British Columbians who opted for the AstraZeneca plc COVID-19 vaccine for their first dose will be able to get their second doses from the same manufacturer, the province’s top doctor promised Monday.
Dr. Bonnie Henry also said it remains a very real possibility for those AstraZeneca recipients to choose the Pfizer Inc. vaccine instead in the coming weeks.
B.C. suspended administering first doses of the AstraZeneca vaccine earlier this month amid shrinking supplies as manufacturers in India, where much of Canada’s supply has come from, deal with a surge in their own country.
American regulators have yet to approve the vaccine in their country and only a limited supply has entered Canada from the U.S. in what officials south of the border have described as a loan.
U.S. President Joe Biden announced earlier Monday that his country would soon be shipping 60 million doses throughout the world to help tamp down on the pandemic.
Henry reassured B.C. residents that they will have the option of getting AstraZeneca for their second dose.
A total of 315,000 AstraZeneca doses have been delivered to B.C. to date, while the province currently has about 20,000 doses left in its own stockpile as it awaits further deliveries.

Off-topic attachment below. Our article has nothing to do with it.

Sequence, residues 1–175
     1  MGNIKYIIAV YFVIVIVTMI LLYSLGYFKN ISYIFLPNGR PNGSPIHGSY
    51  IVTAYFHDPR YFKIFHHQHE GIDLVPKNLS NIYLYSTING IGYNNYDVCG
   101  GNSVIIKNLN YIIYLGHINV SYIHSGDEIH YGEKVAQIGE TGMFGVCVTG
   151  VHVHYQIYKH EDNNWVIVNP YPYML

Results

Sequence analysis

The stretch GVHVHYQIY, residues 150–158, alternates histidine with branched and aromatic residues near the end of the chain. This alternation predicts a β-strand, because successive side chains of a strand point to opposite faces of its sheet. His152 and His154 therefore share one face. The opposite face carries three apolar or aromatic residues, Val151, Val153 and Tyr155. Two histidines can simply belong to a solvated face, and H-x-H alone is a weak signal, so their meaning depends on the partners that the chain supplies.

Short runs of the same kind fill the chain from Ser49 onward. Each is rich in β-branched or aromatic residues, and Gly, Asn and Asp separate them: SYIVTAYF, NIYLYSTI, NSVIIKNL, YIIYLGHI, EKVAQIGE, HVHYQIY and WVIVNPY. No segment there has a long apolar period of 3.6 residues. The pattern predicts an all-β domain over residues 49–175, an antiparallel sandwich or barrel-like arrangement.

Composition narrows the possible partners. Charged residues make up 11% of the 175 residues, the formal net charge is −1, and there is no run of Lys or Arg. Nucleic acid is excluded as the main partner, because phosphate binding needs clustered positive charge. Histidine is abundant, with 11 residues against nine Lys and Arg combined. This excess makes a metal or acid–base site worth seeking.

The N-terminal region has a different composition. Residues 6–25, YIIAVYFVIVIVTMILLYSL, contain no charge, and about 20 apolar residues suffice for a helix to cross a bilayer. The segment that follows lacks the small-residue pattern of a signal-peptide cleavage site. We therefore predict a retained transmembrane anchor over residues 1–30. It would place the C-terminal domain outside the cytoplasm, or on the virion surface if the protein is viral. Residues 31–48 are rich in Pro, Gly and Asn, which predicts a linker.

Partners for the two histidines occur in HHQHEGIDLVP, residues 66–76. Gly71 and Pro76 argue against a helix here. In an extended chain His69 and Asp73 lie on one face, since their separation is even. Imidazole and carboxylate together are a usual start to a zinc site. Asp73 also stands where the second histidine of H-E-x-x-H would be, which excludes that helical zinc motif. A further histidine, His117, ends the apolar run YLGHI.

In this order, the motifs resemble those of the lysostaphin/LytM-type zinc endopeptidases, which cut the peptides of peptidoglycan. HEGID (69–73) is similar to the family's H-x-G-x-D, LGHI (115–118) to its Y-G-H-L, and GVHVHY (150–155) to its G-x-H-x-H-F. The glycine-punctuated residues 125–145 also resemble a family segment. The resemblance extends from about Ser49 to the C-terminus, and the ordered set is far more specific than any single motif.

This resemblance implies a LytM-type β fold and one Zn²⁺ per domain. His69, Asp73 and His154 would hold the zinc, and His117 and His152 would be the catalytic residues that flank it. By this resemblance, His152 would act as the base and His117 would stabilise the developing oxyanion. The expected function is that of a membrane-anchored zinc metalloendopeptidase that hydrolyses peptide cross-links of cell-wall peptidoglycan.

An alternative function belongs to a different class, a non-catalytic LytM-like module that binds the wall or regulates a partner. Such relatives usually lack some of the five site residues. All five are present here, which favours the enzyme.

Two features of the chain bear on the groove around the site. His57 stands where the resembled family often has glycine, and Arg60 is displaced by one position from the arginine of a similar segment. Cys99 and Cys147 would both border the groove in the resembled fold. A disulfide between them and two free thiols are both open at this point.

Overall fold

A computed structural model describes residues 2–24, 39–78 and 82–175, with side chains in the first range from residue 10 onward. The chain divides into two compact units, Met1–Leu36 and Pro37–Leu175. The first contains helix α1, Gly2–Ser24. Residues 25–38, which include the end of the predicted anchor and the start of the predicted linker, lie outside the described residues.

Henry said health officials expect to examine studies from the U.K. in the coming weeks that examine the efficacy of mixing and matching the AstraZeneca and Pfizer doses.
“I ask people to be patient. We know that we have some time as your system is developing its protective response to your first dose,” she said.
“You will have the option of receiving the second dose of AstraZeneca and we have stocks coming in to be able to support that. Or you can take the information once we have it and make your own decision about what you want for your second [dose].”
To date, 2,390,375 British Columbians — or about 55% of the eligible adult population — have received at least one dose of a COVID-19 vaccine.
Another 130,023 people — or about 3% of the eligible population — have received two doses.
Henry said details on administering Pfizer doses to children 12-17 will be unveiled later this week.
The Pfizer vaccine is the most widely used one throughout the country and it is the first of Canada’s four approved vaccines to get the nod for children 12-15 years old.
The vaccine has been permitted for children 16 years and up since December 2020.
“We know that children tend to have milder illness but it is not insignificant for many children and we’ve seen that here in B.C., too,” Henry said when asked about the World Health Organization’s request that wealthier donations postpone administering doses to children and teens and instead donate supplies to lower-income nations.